Racine did reveal in January that his office was “collaborating at a high level with federal prosecutors.”

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Stop this Communist style heroization of FBI-KGB and INVESTIGATE (THE PSYCHOPATHIC, MAFIA-LIKE STRUCTURED AND MAFIA-LIKE THINKING) INVESTIGATORS! Put the FBI criminals in prison!


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Anatomy of a lie: How the myth that Antifa stormed the Capitol became a widespread belief among Republicans – CNN
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Lebanon County police chief resigns after FBI investigates officer in connection to Capitol riot – LNP | LancasterOnline
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South Carolina man charged in Capitol riot bragged he dressed as antifa and fought police – NBC News
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Springfield Man Facing Possible Life Sentence Following FBI Child Sex Sting – Smokey Barn News
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FBI Head Says Domestic Extremists Are Top Threat To US : The NPR Politics Podcast – NPR
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FBI Director Defends Agency In Testimony, Calls Jan. 6 Attack ‘Domestic Terrorism’ – NPR
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Former Memphis FBI head named to Washington leadership post – The Daily Memphian
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Family tips off FBI that Cherryville man was at Capitol riots – Gaston Gazette
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Loser Republican wants voter suppression to correct ‘Democratic-leaning imbalance’ in the electorate – Raw Story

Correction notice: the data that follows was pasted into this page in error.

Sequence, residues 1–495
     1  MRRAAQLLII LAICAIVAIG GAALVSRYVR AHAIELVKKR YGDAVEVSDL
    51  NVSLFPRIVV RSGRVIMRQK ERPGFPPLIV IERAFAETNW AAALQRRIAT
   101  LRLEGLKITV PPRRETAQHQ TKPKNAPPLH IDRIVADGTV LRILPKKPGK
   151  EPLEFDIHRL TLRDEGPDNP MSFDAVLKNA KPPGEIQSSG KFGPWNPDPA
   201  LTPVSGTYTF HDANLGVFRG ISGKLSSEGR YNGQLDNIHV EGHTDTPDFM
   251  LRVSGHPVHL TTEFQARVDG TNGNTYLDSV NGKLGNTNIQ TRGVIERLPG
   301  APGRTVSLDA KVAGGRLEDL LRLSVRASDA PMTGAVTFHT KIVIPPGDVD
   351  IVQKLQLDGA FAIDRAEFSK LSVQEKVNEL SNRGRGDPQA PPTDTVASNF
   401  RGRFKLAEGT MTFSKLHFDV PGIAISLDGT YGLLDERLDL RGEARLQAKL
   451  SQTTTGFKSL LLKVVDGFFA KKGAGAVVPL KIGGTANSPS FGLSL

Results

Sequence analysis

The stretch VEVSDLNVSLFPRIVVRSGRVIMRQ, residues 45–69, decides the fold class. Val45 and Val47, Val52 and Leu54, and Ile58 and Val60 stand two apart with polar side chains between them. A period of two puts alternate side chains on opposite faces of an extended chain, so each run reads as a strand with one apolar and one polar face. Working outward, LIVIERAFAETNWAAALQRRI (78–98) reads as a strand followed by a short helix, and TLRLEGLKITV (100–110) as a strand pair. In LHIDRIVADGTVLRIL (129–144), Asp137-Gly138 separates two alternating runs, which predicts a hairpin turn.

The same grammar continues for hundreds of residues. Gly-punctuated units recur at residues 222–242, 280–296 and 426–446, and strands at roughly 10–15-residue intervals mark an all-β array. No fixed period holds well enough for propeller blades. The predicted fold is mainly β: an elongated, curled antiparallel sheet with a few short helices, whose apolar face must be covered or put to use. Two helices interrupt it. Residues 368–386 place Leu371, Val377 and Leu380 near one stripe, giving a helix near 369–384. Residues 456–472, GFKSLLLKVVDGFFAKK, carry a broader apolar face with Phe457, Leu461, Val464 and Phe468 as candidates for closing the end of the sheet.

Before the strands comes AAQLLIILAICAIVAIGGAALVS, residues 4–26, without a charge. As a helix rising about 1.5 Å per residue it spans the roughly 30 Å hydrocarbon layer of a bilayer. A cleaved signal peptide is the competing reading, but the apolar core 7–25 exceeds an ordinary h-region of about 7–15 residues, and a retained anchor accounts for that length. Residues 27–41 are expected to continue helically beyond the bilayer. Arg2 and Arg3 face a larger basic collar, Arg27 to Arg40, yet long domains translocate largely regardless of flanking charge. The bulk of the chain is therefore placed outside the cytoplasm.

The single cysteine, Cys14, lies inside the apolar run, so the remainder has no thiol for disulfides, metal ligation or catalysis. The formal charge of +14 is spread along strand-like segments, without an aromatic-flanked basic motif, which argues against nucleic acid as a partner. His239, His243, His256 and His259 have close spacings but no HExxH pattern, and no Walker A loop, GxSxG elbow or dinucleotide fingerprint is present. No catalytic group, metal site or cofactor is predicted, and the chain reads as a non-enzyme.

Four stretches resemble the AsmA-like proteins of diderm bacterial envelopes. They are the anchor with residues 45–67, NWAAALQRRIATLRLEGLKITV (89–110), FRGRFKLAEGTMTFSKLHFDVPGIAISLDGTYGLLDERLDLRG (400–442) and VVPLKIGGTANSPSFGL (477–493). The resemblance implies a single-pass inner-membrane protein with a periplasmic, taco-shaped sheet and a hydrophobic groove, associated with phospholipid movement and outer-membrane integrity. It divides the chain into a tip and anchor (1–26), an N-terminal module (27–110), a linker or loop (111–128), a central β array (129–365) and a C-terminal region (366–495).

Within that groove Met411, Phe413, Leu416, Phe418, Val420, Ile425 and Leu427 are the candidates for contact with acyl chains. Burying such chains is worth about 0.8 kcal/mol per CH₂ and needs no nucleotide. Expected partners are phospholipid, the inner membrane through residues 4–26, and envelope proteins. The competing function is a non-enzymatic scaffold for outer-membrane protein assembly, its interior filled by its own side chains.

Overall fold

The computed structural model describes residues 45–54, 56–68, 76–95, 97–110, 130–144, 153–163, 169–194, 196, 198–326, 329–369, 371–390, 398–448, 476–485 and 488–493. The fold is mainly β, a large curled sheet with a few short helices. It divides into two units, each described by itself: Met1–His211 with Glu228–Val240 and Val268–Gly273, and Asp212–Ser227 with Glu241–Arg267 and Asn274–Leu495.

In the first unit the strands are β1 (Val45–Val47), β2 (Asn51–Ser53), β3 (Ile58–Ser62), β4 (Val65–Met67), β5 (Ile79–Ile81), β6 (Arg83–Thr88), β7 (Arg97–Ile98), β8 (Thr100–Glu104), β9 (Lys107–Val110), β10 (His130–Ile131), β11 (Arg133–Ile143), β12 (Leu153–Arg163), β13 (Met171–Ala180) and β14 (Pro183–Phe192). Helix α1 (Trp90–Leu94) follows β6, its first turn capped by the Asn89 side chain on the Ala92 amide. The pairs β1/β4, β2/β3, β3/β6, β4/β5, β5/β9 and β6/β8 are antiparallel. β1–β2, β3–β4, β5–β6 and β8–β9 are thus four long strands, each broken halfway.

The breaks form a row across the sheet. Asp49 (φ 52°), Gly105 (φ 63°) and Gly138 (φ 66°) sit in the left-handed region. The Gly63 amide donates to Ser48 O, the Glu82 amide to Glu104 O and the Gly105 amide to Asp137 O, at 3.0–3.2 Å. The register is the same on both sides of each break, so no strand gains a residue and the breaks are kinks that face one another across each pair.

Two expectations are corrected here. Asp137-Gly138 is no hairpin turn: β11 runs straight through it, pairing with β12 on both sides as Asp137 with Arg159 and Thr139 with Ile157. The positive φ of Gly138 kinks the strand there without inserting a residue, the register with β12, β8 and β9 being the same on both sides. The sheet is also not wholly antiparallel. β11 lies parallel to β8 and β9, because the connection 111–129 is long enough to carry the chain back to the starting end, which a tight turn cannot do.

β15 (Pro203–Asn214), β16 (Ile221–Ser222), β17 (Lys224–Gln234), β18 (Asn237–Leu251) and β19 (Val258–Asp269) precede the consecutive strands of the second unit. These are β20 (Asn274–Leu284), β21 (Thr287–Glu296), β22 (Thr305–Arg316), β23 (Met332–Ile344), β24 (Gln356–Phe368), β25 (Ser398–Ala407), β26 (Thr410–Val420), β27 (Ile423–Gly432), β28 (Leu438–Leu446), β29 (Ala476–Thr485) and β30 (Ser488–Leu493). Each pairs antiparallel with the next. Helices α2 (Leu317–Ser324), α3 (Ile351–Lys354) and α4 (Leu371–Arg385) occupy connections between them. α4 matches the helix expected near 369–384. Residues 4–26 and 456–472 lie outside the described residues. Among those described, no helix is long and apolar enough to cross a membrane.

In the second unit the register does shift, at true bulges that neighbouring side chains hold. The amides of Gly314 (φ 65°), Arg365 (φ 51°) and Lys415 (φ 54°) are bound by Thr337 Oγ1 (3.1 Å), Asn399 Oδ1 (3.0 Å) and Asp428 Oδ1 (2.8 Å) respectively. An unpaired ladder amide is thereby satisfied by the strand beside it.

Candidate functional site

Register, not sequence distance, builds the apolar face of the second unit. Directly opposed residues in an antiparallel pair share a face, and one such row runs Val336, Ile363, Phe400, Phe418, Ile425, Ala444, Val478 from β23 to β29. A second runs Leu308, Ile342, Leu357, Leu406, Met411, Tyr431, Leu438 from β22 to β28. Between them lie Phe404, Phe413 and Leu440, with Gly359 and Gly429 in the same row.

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Domestic Terrorism Threat Is ‘Metastasizing’ in US, FBI Director Says | Chuck Rosenberg: FBI ‘Needed To Go A Step Further’ In Communicating Report Of Violence At Capitol


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U.S. sanctions several Russians in 1st official response to Navalny case


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U.S. sanctions several Russians in 1st official response to Navalny case

posted at 17:07:17 UTC

Chinese vaccines sweep world, despite concerns

In what some are calling “vaccine diplomacy,” China is offering its vaccines to dozens of poorer nations around the world. But concerns over safety and efficacy, as well as a dearth of publicly available data also means many are suspicious. (March 2)

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SpaceX once left its rocket engineers on an island without food, leading them to mutiny, according to a new book

Elon Musk Elon Musk.

Susan Walsh/AP

  • SpaceX’s first engineers lived on a remote Pacific island to prepare the company’s earliest rocket for launch.
  • In the first year that SpaceX was on the island, food shipments sometimes failed.
  • So one day, hungry engineers refused to work until a helicopter brought chicken and cigarettes.
  • Visit the Business section of Insider for more stories.

In SpaceX’s earliest days, its rocket engineers lived on a remote Pacific island, where they occasionally ran out of food.

On that island, called Omelek, the team was racing to build a launchpad and set up the company’s Falcon 1 rocket.

Journalist Eric Berger, who works as the space editor at Ars Technica, describes those early days of Elon Musk’s rocket company in his new book, Liftoff, which will be published Tuesday. Berger’s telling of SpaceX’s beginnings is packed with anecdotes that have never been previously reported – such as Elon Musk’s first encounter with a Pop-Tart, a rocket launch attempt thwarted by salty ocean spray, and an island mutiny staged by hungry workers in 2005.

LIFTOFF cover eric berger book

HarperCollins Publishers

SpaceX engineers were living and working on Omelek, part of the Marshall Islands’ Kwajalein Atoll, because that’s the spot the company chose to escape the US Air Force. The Air Force had indefinitely delayed the company’s efforts to launch from California. But the US Army, which oversaw the atoll, was friendlier to SpaceX’s plans. Being close to the equator also made it easier to reach orbit.

However, during that first year on the island, Berger writes, “logistics were poor.” Supply deliveries were often delayed, and the workers sometimes went without food.

So one day in the fall of 2005, tensions boiled over into mutiny. The employees went on strike to force an emergency supply drop, and were eventually quelled with chicken wings and cigarettes.

‘We were just wild animals on the island, waiting for food’

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FBI Director Christopher Wray Testifies on January 6th U.S. Capitol Attack